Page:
As the girls were growing up, I’d always assumed that the passage from teenager to grown-up would be marked by two big milestones: high school graduation and the emotional college-drop-off. As with many things that I’d assumed about parenting before I actually parented, I was wrong.
M’s high school graduation happened, of course, but since she was Class of 2020, it was not anything like what I’d ever expected. I hadn’t anticipated, for example, that I’d be decorating the back of our car in a quasi-tragic attempt to make the not-super-festive slightly more festive.
Ah, well. That’s okay.
And now, if I had had any expectation that I’d be attending a normal graduation for J, that has been eliminated with her exchange program. At first we weren’t quite sure if she’d be home in time to celebrate the end of her high school career with us, but now it’s clear that she’ll be otherwise engaged. She’s going on a whirlwind two-week European tour with a bunch of other Rotary exchange students. I mean, okay. It looks like it might be fun. Definitely sounds more fun than a bunch of speeches and a walk across a stage.
As for the big first college drop-off: well, technically, we had that for M, and we’ll have it again for J.
But the typical story of dropping your kids off at college is that it is a brand-new, exciting-but-scary adventure for the kids and the first really wrenching separation for the parents. That the joy is tempered with a bit of grieving and plenty of anxiety about how your kid will handle this next big challenge.
By contrast, I’m expecting J’s college drop-off to be about as anticlimactic as M’s was.
Prior to M’s college start, she got on an airplane and flew to Colorado in the middle of a pandemic before the vaccine was available to work in a town where she knew no one and would be treated as an adult. She’d need to fend for herself, grocery shop without a car, cook all her own meals in an apartment with strangers, and work full-time. Including both Thanksgiving and Christmas.
Oh, man, that was tough. If you look back at how I was talking shortly after she left, a nice summarizing quote was: “I find it terrifying.” Collapsing and dying in her Covid-quarantine apartment, getting date-raped by tequila-and-weed soaked fellow employees, having a terrifying skiing accident that landed her in the hospital… all of these possibilities crossed my mind at one time or another. But M was miserable at home, and I knew in my head, if not in my heart and gut, that she would likely be fine. And she was. She was better than fine: she made great friends, learned how to snowboard, and got real “adulting” experience that has served her well. And after hearing about other kids’ 2020-2021 college year experience, I am so grateful that she decided on a Gap year: she had way more fun than almost anyone else during during the winter of 2021-22.
All of that means that when it was time to drop M off at college, it was a piece of cake. Sure, Grinnell is far away, but it’s not as far away as Colorado. And since Cute W and I had both attended and loved the school, it feels like home. Cute W used to live in her first-year residence hall, I’d collected gushing reviews from fellow alumni to help her choose her first class, we’d be watching her soccer games online throughout the fall, and she’d be home for Christmas. We trusted the community to support her, and we were fully confident that she would love it. Tears, trepidation? Nope. Just a long drive home.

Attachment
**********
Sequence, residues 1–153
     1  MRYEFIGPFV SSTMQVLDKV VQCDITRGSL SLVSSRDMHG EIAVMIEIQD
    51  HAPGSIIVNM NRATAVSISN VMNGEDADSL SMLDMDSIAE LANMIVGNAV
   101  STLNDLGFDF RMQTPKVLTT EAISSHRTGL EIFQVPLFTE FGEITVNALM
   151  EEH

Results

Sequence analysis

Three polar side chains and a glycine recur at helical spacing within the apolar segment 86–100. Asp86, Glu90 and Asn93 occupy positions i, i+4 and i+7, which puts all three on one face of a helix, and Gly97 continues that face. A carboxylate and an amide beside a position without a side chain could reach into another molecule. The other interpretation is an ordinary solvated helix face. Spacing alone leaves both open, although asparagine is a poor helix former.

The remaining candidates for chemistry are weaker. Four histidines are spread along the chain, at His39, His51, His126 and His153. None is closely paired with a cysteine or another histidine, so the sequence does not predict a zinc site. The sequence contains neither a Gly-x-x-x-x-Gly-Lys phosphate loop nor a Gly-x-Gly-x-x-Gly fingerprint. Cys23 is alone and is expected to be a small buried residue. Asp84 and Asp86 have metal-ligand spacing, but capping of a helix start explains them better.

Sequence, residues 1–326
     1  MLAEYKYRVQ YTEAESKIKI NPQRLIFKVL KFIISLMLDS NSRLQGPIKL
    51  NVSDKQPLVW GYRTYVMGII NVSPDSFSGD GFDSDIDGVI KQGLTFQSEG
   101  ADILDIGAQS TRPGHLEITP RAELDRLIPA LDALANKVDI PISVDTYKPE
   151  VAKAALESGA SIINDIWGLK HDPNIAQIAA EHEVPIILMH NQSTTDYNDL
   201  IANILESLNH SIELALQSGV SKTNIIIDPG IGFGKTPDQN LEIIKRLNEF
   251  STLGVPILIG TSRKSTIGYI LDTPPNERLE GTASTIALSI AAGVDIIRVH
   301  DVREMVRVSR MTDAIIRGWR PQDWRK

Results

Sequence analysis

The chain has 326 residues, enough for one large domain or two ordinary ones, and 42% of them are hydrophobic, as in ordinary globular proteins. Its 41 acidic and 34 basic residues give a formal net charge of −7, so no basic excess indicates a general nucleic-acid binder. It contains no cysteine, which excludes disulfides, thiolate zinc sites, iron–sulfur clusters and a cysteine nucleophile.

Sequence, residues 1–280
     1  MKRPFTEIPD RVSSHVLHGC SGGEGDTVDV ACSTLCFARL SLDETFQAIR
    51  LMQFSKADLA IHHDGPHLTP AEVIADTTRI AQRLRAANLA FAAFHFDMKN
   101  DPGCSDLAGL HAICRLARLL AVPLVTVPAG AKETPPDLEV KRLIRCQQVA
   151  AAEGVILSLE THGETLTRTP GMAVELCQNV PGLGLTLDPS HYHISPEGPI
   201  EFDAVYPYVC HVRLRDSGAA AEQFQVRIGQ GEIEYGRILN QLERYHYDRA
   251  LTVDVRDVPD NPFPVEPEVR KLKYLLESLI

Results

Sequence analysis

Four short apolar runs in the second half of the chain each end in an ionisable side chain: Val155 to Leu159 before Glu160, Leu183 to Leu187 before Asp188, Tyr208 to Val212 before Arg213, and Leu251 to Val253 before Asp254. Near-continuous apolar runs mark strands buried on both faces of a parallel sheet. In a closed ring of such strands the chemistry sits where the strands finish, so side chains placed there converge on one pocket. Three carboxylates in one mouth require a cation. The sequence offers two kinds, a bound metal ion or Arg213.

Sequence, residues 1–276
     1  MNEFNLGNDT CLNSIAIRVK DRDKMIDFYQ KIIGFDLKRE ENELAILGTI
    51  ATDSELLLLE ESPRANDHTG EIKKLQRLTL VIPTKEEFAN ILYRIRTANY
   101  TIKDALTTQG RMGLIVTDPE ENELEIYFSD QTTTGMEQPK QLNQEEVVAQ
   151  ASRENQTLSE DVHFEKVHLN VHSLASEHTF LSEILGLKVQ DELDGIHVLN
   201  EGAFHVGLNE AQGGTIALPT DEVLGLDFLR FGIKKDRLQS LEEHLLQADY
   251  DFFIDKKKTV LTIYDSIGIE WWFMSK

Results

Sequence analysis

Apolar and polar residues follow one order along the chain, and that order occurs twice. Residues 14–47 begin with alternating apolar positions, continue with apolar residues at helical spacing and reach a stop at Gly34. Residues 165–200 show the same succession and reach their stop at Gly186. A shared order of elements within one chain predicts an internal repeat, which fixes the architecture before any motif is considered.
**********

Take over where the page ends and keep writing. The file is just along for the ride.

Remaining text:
And now J’s college drop-off looms in the near future. Again, in contrast to this year, it feels like a piece of cake. In August, we dropped her off at the airport to fly across the ocean to live with people we’d never met and attend school in Italy when she knew, like, a smidgen of Italian. We wouldn’t see her in person for seven months. Friends would be surprised: “Wait, she’s not coming home for Christmas?” No. Do you know how she currently gets to school? She rides a bike to a train station, takes a train from her village to the city of Trento, takes a bus from the train station, then walks the rest of the way to school. In a different country. Thank goodness I didn’t fully register this until much later, when she had the routine down. Apparently she got lost a few times. My teenage daughter. Lost. In a foreign country.
Did you know that Smith College is just under 2 hours away? If J called me in the morning and said that she was feeling sad, I could say, “Hey, would you like me to take you out to lunch?” I’m not saying that that is going to happen. But I am saying that that is something that is possible. Also, fun fact? Guess where I was planning to go to college if I didn’t like Grinnell when I visited? Smith College! Really! I was accepted, and I liked it, but I was concerned because I also really, really liked guys. And lucky me, I found my Favorite Guy Ever in college. But it makes the fact that J ended up wanting to go there seem almost Fated. Whenever I hear about some lovely Smith tradition, it screams out for my daughter. What, they give you a little plant when you arrive? J will be so happy to get it! They spend a beautiful day climbing a mountain? J will love that! Afternoon tea on Fridays? Perfect for J! I know that there will be some challenges along the way, but I just feel like this exchange year has made her massively prepared to take on just about anything.
While lacking the experience of any “real” graduation ritual is a bit of a bummer, I expect that racking up two carefree and joyful first college drop offs is ample compensation.
Nana in Savannah
Hummmmmm . . . . . wonder how our two girls turned out to be such wonderful human beings and so very self sufficient? Could it indeed have anything to do with her terrific parents? I think so!
I second Nana
Oh, you two!! I happen to know that your own children are FANTASTIC.